Scraping the ground, scooping the mud

I have wondered how much we need the term medium today, and partly because the term medium has been so prominent in the discourse of modern and so-called postmodern art. Also because in recent years there have been a number of critics and artists talking about the idea of a post-medium practice.

Dirt, is just one example. I talk about medium, but I also talk about materials.


Besides being a curator, I am a studio artist and I am very interested in the subject of studio, what it means to work in a studio, and to a large extent, in what some people have described as the post-studio practice.

Previously, there were art works which were photographs made with chemicals, obviously needing a specialized studio. This was at one time the primary focus of my art practice. But there always have been works which were by materials which have stood and remained outside the practice of photography. In this case drawings of various materials, texts, fragments of real life, the everyday world of action and inaction, including two- and three dimensional and time based examples.

Speaking of the studio is a way to illustrate why the studio is such an important place, a place where things come together that you hadn’t anticipated or planned. It’s where you can bring in a wide range of materials and see what happens when you throw them around and at each other. And it’s often the studio accident where some of the most important shifts occur or can be tested; things that you could not or had not imagined, or anticipated. Those are some of the things that generate the next step or moving forward.

However, one cannot discount the importance of reading, about things in the world and life. Mostly, non fiction, but ideas can come from things under a microscope as well as from the far reaches of the galaxy.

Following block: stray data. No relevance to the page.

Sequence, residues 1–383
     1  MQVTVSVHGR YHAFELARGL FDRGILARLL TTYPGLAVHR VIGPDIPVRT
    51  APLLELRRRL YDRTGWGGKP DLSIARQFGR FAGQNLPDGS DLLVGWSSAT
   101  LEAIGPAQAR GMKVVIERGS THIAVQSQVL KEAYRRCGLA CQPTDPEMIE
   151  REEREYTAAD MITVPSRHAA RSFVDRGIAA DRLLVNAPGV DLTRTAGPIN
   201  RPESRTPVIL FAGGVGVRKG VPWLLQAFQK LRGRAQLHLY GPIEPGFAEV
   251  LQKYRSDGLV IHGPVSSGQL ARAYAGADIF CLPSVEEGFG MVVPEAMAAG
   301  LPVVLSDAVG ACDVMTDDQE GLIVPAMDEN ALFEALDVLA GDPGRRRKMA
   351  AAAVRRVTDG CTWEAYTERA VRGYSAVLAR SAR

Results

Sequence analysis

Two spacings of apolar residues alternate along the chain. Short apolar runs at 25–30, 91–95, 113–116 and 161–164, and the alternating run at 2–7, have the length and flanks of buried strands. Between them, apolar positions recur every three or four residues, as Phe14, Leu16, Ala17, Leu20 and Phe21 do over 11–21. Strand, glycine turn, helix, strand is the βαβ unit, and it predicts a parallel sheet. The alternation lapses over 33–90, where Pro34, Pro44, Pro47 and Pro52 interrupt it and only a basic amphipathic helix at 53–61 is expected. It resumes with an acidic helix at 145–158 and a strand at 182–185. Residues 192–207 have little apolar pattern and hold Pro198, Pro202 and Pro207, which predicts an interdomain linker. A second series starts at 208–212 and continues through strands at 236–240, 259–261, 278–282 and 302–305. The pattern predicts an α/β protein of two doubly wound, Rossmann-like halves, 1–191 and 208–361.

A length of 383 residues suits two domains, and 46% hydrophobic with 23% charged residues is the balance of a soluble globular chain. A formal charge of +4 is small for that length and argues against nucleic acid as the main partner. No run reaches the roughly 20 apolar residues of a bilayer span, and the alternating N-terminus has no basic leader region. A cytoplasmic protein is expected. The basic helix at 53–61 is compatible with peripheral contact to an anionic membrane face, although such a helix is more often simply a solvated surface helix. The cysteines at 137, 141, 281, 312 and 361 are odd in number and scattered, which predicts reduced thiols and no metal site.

If my art practice engages in post-medium and post-studio practices, it frequently plays in the space between the boundaries that separate contexts of art and non art.

Minnesota’s Superior National Forest and the Vermilion Iron Range have provided a real world studio in the heavily wooded and riverain environment, that began in 1998-99, and allowed for the study of the geological, biological, both plant and animal, and the historical.

Dry Lake, MN, 23 Sep, 2007

Working rurally signaled a critical shift in my engagement with not only the urban environment but more importantly notions of the historical, cultural, ideological and social as these inform the interface between rural and urban space. The site specific engagement in the various rural environments in which I have conducted my art practice has been quiet, meditative and persistently tactile and even sensorial. There has been a direct engagement with the materiality of the specific site, yet the work is transient and the seemingly permanent nature of the site as a fixed place requires that we understand the nature of the ephemeral and its consequences once inside the white cubic gallery.

Mangroves are my most important environment since moving to Florida over thirty-five years ago. They are such a microcosm of the tropical environment that it is difficult to not be influenced by its presence.

There is dirt there too. Or, should I say muck. Thick, gooey, nutrient rich muck. As long as we humans don’t make the situation worse. Unlikely.

Mangrove Mud Womp video still

Currently on view:

“DIRT Yuta Suelo Udongo Tè,” curated by Onajide Shabaka
3815 NE Miami Court
Miami Design District 33137

Exhibition runs: June 1-28, 2013

Exhibition page